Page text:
I'm reading a book at the minute called Socialism and Personal Liberty by someone called Robert Edward Dell, I've not heard of him although the book is much better than a great many contemporary political books I've read.
In the final chapter the author talks about something he calls libertarian socialism, he suggests its an hypothesis to be tested, that whether a community spends on education or health should be its own decision and that whether or not people produce individually, with anyone who volunteers to work for them, or in association with others in a co-operative or producer group. The emphasis is upon adaptation and personal choice or voluntarism, that is freedom.
What interests me though is the means to facilitating this, its an idea which I've read about online, also labelled "single taxers" or steming from the ideas of an early economic polemicist called Henry George.
The idea that is as a natural monopoly land should be exclusively owned by the state, rents would replace taxes and a social dividend dispensed to all citizens or to parents or legal guardians in the case of children.
From what I can gather there is not any welfarist measure accompanying this social dividend, it is not proposed that the state own, completely or in part (like a majority share) any other business, including public utilities, health services or education/schooling but it is suggested that individuals or communities with their social dividend can decide to spend a portion of it on these things if they want. Spending therefore isnt carried out by the state but by citizens themselves.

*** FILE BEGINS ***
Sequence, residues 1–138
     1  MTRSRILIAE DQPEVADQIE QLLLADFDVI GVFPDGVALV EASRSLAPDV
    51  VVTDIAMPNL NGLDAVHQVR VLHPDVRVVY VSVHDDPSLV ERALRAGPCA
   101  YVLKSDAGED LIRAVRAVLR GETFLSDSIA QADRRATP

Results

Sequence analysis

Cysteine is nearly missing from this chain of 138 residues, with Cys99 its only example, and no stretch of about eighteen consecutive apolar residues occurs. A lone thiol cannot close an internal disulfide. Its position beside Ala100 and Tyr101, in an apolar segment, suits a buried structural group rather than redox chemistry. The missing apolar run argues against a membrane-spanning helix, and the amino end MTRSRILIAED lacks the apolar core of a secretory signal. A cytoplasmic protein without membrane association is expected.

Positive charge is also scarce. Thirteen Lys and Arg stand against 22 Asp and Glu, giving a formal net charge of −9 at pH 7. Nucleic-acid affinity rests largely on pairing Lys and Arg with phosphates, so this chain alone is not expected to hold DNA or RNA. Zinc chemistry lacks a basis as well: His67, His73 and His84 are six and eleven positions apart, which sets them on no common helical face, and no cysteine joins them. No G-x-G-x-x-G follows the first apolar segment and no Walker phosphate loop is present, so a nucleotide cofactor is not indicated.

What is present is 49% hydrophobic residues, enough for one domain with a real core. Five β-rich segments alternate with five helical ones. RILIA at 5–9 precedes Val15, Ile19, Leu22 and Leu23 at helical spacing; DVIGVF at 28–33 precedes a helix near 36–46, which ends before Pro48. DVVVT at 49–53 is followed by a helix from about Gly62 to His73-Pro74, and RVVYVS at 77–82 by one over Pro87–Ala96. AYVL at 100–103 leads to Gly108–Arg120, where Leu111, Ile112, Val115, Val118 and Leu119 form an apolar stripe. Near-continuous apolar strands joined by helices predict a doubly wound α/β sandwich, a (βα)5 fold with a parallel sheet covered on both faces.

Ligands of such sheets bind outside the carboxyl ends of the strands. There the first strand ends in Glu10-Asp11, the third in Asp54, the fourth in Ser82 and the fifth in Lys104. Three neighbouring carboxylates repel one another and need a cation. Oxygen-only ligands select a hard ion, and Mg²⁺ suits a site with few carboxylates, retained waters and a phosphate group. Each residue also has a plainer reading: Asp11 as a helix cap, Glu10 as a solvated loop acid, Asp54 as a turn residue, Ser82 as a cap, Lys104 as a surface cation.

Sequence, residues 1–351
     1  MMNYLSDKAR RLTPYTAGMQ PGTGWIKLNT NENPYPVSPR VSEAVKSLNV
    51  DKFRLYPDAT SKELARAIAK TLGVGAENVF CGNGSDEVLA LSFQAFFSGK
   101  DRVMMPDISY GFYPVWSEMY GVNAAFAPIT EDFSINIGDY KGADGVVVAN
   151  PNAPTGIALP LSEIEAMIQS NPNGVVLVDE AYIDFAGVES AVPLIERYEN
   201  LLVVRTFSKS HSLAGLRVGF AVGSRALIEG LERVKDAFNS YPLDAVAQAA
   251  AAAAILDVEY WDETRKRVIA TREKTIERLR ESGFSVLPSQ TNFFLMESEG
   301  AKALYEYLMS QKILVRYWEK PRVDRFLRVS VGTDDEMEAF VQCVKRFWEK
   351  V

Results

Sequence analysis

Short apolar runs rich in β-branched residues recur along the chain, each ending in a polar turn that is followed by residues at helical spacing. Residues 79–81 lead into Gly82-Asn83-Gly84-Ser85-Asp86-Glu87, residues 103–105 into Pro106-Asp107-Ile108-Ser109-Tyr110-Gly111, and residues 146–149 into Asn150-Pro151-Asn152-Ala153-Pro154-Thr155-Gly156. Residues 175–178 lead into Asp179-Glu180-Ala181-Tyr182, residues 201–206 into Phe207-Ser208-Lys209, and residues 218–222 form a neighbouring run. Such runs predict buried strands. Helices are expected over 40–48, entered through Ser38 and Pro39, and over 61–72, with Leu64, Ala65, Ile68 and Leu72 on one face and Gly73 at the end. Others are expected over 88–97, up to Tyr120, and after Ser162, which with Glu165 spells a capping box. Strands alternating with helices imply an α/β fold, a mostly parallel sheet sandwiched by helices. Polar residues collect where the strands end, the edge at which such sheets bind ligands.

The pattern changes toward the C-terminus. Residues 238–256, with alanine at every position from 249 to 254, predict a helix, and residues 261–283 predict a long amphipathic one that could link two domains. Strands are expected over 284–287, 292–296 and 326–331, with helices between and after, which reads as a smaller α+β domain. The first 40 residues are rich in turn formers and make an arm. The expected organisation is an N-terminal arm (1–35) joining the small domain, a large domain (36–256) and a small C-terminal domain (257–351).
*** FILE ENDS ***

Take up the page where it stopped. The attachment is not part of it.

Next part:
He writes about how the problem with statism, which would be shared by many of the left and right wing substitutes or alternatives, and I think he is pretty fair about this considering boardrooms or entrepreneurs and syndicates or equivalents alike is that it institutes a government by an elect or elite of one sort of another.
Is anyone else interested in these ideas or have anyone heard anything like them? What do you think of them if you have heard of them?
I think that they date from a time before the welfare state and also a time of perhaps greater objective individualism or individual or household independence and also lower expectations. So I think that perhaps the money raised from land rents wouldnt cover the expenses of everyone these days and leave a surplus to mutually plan and cover essential services provision in any locality.